lazy susans

Hi.
We have a pantry in our kitches that's basically a closet. Way too deep for the small items we keep in it. I'd like to put a lazy susan in it so that we can get to the stuff at the back. But it'll need to be quite large. I'd like it to be floor to top of door (over 6 feet) tall and about 32 inches wide. I'd also like at least 6 shelves.
So far I can't find any suitable lazy susan hardware. The most common kind, such as used in the corner of base cabinets isn't suitable since the shelves move together. The mass of what I've described above would be too much.
Closer is the 5-shelf pantry lazy susan from Rev-A-Shelf.
http://www.rev-a-shelf.com/graphics/6265.jpg
Unfortunately, even it isn't large enough (only 22 inches wide and 5 shelves). I say it's closer partly because it seems to have a center pole mechanism where the shelves rotate around the fixed pole. So the shelves only move one at a time.
In my mind's eye picture, I see the same sort of hardware as on the Rev-A-Shelf that fixes the shelf to a pole. But with shelves made of d-shaped cut plywood for extra strength to hold the soup cans and a thin lip attached around the edge of the shelves to hold things from falling off.
Anyone know where I might find hardware like this? I've looked at Lee Valley and several others.
Or would anyone have a better mind's eye picture to suggest?
Thanks! Steve
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lazy susans lose a lot of area in the corners. how about pullout pantry shelving units?
http://www.rockler.com/ecom7/product_details.cfm?&offerings_id 02&objectgroup_idB&catid&filter=pantry
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Check out www.woodworkershardware.com. I'm looking at their catalog and they show an Amerock full round with a (how's this for luck?) 32" diameter shelf. It says the height is adjustable between about 23" and 31". Maybe you could connect two or three together? Or put in a couple of fixed shelves to separate the different lazy susans?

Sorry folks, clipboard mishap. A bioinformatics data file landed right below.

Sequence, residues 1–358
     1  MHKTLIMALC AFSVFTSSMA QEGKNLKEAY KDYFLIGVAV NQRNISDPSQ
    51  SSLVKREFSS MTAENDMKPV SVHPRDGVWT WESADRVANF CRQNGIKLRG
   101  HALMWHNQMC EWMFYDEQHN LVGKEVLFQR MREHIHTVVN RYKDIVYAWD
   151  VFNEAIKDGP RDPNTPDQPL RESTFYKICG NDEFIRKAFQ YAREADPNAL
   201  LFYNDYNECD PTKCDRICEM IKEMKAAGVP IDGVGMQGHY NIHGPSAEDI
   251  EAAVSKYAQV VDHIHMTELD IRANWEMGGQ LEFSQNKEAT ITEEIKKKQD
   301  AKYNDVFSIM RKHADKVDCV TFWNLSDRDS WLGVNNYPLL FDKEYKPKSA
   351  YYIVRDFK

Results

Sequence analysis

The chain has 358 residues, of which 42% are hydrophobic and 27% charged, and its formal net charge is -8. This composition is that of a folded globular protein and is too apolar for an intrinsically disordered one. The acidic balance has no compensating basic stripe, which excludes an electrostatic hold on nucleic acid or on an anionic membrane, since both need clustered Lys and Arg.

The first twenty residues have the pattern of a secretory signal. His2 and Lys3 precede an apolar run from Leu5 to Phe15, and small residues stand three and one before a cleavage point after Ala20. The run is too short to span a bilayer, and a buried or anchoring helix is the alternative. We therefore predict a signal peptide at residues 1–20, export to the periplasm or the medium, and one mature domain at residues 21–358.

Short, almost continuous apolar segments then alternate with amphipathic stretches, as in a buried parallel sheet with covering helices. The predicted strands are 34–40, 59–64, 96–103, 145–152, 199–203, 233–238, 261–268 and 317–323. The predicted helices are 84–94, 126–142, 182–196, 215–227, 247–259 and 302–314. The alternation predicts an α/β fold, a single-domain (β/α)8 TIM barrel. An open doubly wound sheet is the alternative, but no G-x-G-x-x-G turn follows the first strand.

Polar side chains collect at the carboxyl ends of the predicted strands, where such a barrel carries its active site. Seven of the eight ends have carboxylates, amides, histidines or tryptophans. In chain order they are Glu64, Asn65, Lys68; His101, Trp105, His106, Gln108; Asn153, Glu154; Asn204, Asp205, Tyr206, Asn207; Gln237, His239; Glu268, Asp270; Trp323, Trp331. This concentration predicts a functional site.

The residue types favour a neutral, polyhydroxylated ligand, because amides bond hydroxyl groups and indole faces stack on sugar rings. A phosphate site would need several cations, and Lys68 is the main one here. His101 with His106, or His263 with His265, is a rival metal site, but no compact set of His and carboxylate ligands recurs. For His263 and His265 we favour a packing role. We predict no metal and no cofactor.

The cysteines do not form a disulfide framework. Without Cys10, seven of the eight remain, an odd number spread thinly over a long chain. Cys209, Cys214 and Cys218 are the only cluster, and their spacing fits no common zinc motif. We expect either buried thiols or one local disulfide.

todd
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How about rolling your own?
More work, but infinitely flexible.
Use an inner pipe for the pole and a larger outer pipe for the shelf spacers/supports. The biggest challenge would be securing your shelves to the pipe supports. I suppose you could even use a square post and bore a hole down the center for your shelf supports. These would be easier to mount to your shelves, but might bind/wobble with wear.

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I think that DIY approach makes some sense. Please excuse this attempt at "refinement":
Use short lengths of threaded steel pipe -- nipples. Maybe 12" or whatever. The threaded connectors will serve as stops. Drill appropriate sized holes (OD of pipe) in each round shelf. And, to aid in the easy movement of each shelf, use UHMWPE -- I can never get the letters right. It is that rather slippery stuff sold as anti-friction tape -- but get it in maybe 1/4" - 1/2" thickness. Drill matching sized holes in maybe a 4"x4" piece and screw that piece into the bottom of each shelf -- so, you get easy spinning because the plastic's surface is sitting/riding on the threaded pipe connector. Certainly shelf thickness will have to sized for weight of what will be stored on it. Both so it won'd droop and it won't crack at the center hole.
In case you think that the ongoing rubbing of the pipe against the wood (inside the hole in the wood) might be a problem (squeaks?), you could oversize the hole through the shelf and screw plastic squares both above and below the shelf with a perfect-sized hole for the pipe OD. That way, only the plastic will be in contact with the pipe.
BTW, if you have never worked with this plastic: Rather than generating "saw dust", it creates something like cotton candy. Kind of flies around rather than being sucked up by the DC connected to the TS. No real problem, just strange and a little extra work. HTH. -- Igor
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steve snipped-for-privacy@hotmail.com (Steve Schefter) writes:

I started down one path using a pipe in a socket as a pivet point, but then it occured to me:
Build standard shelves and put a small lazy susan on each shelf.
The hardware exists, you have more options for configuration, you don't waste the back of the closet arc space, and you won't need the lip for stuff that falls off. (it'll just land on the shelf, inconvenient, but not a "mess".)
Consider stressed skin platforms for the shelving if the span is particularly wide or the shelves will carry a heavy load.
--
be safe.
flip
Ich habe keine Ahnung was das bedeutet, oder vielleicht doch?
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Thanks for the suggestion. I had thought if it before, but wasn't keen on losing the space that a shelf-on-a-shelf would take up. But as you bring it up again and I think about it some more, it's getting more appealing. It certainly is easier than the idea in my original post and I can try it out with just one shelf to see how it goes.